Barking and Dagenham has one of the highest numbers of evictions in the UK. Adrian Brazier and Peter Phillips at the local Citizens Advice Bureau are on the front line of the housing crisis. They provide legal advice and representation for people facing the loss of their home. They have both noticed an increase in evictions, both from private landlords and social landlords. The causes include welfare reform, banks taking action against landlords, and retaliatory eviction as in Brent. Barking and Dagenham Council try their best, explains Adrian, but they cannot solve it. This leads to “irrational decisions being made”, according to Adrian. He and Peter win nine times out of ten when challenging the council.

One relatively straightforward fix for Adrian would be to allow councils to use their “discretionary housing payments” to help tenants pay down their housing debts. At the moment there is an end-of-year rush to spend this funding before it is taken back by government. Adrian would like tenants to be able to apply once a year for debt relief of up to £500. This, he believes, would have a dramatic impact on the number of people being evicted because of rent arrears.

Iwona got in contact a couple of months after we spoke. Her landlord had told her she wanted her to leave. This was one year into what was meant to be at least two-year tenancy, but not one guaranteed in law. A few days earlier Iwona had been awarded a prize for her volunteer work in the community. She managed to find a new place for at least the next twelve months somewhere nearby, but could not find somewhere adapted to her mother’s disability. Within a month Iwona’s mother had a bad fall and has been in hospital since.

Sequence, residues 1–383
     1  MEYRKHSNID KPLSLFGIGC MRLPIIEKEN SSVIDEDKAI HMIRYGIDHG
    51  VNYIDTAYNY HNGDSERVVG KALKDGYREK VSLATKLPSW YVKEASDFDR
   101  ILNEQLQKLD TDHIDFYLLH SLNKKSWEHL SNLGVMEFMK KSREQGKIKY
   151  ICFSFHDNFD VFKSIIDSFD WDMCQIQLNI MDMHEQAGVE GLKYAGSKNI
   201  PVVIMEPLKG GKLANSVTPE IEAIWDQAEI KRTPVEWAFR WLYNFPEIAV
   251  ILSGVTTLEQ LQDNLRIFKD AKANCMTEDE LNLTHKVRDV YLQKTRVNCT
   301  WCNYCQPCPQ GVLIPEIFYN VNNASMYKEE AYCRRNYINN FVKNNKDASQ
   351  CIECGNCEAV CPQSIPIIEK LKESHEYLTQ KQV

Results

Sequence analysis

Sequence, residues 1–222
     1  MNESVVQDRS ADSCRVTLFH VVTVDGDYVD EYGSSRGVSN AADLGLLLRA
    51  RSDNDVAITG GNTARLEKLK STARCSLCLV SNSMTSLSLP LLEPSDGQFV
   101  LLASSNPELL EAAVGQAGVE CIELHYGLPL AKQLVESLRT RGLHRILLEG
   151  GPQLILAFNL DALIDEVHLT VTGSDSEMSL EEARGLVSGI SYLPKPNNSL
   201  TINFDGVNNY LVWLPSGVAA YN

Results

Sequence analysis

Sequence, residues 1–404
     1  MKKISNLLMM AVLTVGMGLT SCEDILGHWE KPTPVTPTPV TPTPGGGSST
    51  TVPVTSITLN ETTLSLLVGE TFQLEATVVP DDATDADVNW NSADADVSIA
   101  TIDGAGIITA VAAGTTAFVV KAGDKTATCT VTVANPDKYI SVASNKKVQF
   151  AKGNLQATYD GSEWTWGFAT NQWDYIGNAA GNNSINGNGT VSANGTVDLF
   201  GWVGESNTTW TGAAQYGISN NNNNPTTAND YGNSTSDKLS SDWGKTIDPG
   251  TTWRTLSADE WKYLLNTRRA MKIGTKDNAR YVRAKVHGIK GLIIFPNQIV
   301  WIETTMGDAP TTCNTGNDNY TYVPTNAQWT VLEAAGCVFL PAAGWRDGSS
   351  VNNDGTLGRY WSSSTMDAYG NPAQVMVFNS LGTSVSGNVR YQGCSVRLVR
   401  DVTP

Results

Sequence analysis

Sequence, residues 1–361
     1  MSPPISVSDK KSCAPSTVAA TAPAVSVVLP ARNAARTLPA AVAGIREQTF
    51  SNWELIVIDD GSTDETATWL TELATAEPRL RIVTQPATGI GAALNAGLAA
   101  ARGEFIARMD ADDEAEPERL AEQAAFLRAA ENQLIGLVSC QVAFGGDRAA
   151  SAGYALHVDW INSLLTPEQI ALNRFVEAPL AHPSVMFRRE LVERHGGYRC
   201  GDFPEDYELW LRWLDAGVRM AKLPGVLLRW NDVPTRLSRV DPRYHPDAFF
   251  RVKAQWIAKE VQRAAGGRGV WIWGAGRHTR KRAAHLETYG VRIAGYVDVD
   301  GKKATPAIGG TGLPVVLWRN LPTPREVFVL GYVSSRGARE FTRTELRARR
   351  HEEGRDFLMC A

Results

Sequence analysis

Additional reporting by Joanna Eckersley​.

A 1907 painting of Spinoza, who was excommunicated from Judaism in 1656. Credit: SAMUEL HIRSZENBERG
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Why atheists are true believers too

How atheisms are imitating the religions they claim to reject.

In 1995 Richard Dawkins became the first ever “professor for the public understanding of science” at Oxford University. By the time he retired, 13 years later, it looked as if he had privately renegotiated his contract; for he was now functioning as Oxford’s very own professor for the public misunderstanding of religion.

In The God Delusion (2006) he argued that the existence of God was a scientific hypothesis which was almost – almost – demonstrably false. Miracles were scientifically impossible (yes, professor, I think we knew that: the clue was in the word “miracles”). And the creation story in the Book of Genesis was very bad science indeed. Opposing the stupidities of modern “creationism”, and all the other pseudo-scientific or anti-scientific dogmas of the fundamentalists, is one thing. Criticising the moral evils committed by religious fanatics is another, and no less worthwhile. Yet to treat religion itself as merely a defective form of science is a strangely crude error, rather like thinking that poetry is just a way of conveying factual statements that are to be tested for their truth or falsehood.

In his new book, Seven Types of Atheism, John Gray – who, I should mention, is no more a religious believer than I am – has little time for the so-called New Atheism of Dawkins and Co. The confusion of religion with science is only one of the points he objects to. Even if it can be shown that religion involves the creation of illusions, he argues, that does not mean that religion can or should be dispensed with; for “there is nothing in science that says illusion may not be useful, even indispensable, in life”. As for the idea of the American New Atheist Sam Harris that we can develop “a science of good and evil” which will contain all the correct liberal values: Gray sees this as a piece of astonishing and culpable naivety, ignoring nearly two centuries’ worth of evidence that scientism in ethics and illiberalism go happily hand-in-hand.

If this short book were just another intervention in the Dawkinsian “God debate”, it would be very short indeed. In fact it would get no further than page 23 where, at the end of his brief opening chapter, Gray concludes damningly that “the organised atheism of the present century is mostly a media phenomenon, and best appreciated as a type of entertainment”.